GALLERIES/Stuart Lochhead Sculpture
PROVENANCE:Private Collection, France.
David d’Angers ‘Démocrate de l’Ouest‘, 1849
Emerson Bowyer, ‘David D’Angers: Making the Modern Monument‘, The Frick Collection, New York, 2013
Patrick le Nouëne, Catherine Lesseur, Véronique Boidard, ‘David d’Anger’s Portraitiste: catalogue sommaire des bustes de PJ David d’Angers conservés à la Galerie David d’Angers’ Musée d’Angers, 2010
FURTHER INFORMATION:When Pierre-Jean David returned to Paris in 1816, having won the Prix de Rome in 1811, his career as a sculptor ascended into success. Many of the most famous men and women of his time sat for David for busts or medallions. A nearly complete collection can be found in the Musée des Beaux-Arts in Angers, France. Fascinated by important figures, David travelled throughout France and Europe to model busts of his contemporaries from the political, literary and artistic spheres, among such were his busts of Victor Hugo, poet, novelist and dramatist, (1837) and Goacchino Rossini, the acclaimed opera composer (1830). The present example, David's bust of Jean Racine (1639-1699), is modelled on the French dramatic poet and historiographer renowned for his mastery of French classical tragedy. Racine's reputation rests on plays he wrote between 1664 and 1691, most notably 'Andromaque', 'Britannicus', 'Bérénice', 'Bajaget' and 'Phèdre' and 'Athalie', some of which can be seen engraved on the right hand side of the bust's pedestal. The playwright was renowned for his exceptional psychological insight in addition to the prevailing passion of his characters, and the elegance, pace and power to be found in his writing. As is evident in the present work, Romantic sculptors such as David "claimed the right to emphasise character." Additionally, he concentrated fully upon the facial (1) expression of his subject and the physical structure or shape of the skull, demonstrating accordance with physiognomic theories in vogue at the time and, therefore, capturing the sitters intrinsic and individual character or spirit. As is evident in his extensive travel, seeking out renowned sitters, David's intentions in the creation of his colossal busts was one that 'preoccupied many Romantic artists - the permanent visualisation of "genius" in all its multiple and fleeting manifestations'(2), and this particular representation of a prominent figure in the history of literature is certainly no exception.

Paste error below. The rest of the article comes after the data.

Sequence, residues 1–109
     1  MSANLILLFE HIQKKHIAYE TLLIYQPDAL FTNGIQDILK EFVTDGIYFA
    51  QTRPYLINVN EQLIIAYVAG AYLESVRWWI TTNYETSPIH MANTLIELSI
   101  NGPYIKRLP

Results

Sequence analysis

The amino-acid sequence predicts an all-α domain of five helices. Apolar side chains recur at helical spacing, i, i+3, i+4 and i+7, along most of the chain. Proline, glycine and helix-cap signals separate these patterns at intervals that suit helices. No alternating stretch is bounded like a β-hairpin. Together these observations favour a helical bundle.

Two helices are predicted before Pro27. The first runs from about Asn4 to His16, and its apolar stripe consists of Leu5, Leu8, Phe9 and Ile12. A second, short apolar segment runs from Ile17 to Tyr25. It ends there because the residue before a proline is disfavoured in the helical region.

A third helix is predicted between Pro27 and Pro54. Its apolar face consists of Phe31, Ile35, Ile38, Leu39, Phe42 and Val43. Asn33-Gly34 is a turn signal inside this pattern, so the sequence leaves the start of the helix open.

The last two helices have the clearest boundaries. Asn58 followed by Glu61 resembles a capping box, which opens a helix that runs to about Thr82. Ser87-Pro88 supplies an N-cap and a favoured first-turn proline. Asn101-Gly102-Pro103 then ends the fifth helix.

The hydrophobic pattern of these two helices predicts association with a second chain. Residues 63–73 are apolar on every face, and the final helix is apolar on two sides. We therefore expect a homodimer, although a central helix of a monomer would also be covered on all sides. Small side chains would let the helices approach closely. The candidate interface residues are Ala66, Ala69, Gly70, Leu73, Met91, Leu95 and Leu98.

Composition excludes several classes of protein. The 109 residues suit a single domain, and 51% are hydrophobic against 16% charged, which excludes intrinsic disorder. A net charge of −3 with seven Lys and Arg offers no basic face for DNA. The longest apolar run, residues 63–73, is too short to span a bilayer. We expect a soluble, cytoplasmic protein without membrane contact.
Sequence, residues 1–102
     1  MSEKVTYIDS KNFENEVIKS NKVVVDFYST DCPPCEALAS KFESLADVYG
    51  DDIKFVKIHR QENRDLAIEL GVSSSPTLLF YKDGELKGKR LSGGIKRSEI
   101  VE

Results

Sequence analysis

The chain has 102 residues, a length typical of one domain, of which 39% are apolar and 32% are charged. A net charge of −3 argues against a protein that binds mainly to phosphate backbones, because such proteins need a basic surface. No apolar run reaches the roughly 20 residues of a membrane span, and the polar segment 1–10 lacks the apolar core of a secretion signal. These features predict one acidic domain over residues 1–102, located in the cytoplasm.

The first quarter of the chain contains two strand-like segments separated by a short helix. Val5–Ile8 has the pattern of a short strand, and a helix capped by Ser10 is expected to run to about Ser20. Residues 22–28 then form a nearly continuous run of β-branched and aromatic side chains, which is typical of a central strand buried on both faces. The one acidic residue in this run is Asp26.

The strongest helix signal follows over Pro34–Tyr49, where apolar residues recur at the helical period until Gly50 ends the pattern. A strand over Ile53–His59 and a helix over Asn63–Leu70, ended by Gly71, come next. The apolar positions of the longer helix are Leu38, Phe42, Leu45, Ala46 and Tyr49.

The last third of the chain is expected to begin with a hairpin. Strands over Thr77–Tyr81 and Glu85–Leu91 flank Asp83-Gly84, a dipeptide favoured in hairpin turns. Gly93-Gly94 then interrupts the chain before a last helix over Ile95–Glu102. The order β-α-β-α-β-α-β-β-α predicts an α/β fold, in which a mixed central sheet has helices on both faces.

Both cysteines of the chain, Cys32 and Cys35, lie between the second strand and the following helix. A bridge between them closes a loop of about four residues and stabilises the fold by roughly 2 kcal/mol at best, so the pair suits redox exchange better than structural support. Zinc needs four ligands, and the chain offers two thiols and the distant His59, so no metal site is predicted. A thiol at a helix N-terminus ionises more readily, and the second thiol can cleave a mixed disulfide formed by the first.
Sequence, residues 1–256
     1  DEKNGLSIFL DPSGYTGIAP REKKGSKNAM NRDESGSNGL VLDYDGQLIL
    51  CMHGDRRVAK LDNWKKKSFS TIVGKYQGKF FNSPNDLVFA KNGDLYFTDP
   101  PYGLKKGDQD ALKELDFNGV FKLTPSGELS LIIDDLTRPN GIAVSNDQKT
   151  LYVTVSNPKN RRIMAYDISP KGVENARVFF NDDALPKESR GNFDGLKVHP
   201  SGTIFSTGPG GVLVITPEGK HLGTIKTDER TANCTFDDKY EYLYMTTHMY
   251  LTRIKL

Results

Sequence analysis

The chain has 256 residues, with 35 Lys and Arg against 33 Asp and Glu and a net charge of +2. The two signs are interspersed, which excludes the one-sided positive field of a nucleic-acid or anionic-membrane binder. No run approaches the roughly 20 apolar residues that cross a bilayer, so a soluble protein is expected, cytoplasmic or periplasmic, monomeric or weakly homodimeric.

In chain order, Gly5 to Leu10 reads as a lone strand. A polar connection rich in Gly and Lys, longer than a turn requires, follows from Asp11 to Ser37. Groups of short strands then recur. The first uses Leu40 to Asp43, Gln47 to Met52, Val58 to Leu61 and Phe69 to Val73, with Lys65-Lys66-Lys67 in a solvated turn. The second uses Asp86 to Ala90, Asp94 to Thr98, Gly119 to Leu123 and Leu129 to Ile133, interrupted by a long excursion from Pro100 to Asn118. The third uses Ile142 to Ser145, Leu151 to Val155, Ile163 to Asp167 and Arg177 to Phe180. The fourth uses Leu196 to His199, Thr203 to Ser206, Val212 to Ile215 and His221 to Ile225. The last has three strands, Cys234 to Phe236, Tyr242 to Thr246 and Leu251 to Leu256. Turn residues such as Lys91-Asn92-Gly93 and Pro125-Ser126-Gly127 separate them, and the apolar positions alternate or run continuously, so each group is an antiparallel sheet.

1. Léon Rosethal, 'Romanticism' (Parkstone International), 2012
2. Emerson Bowyer, 'David d'Angers: Making the Modern Monument', (The Frick Collection: New York), 2013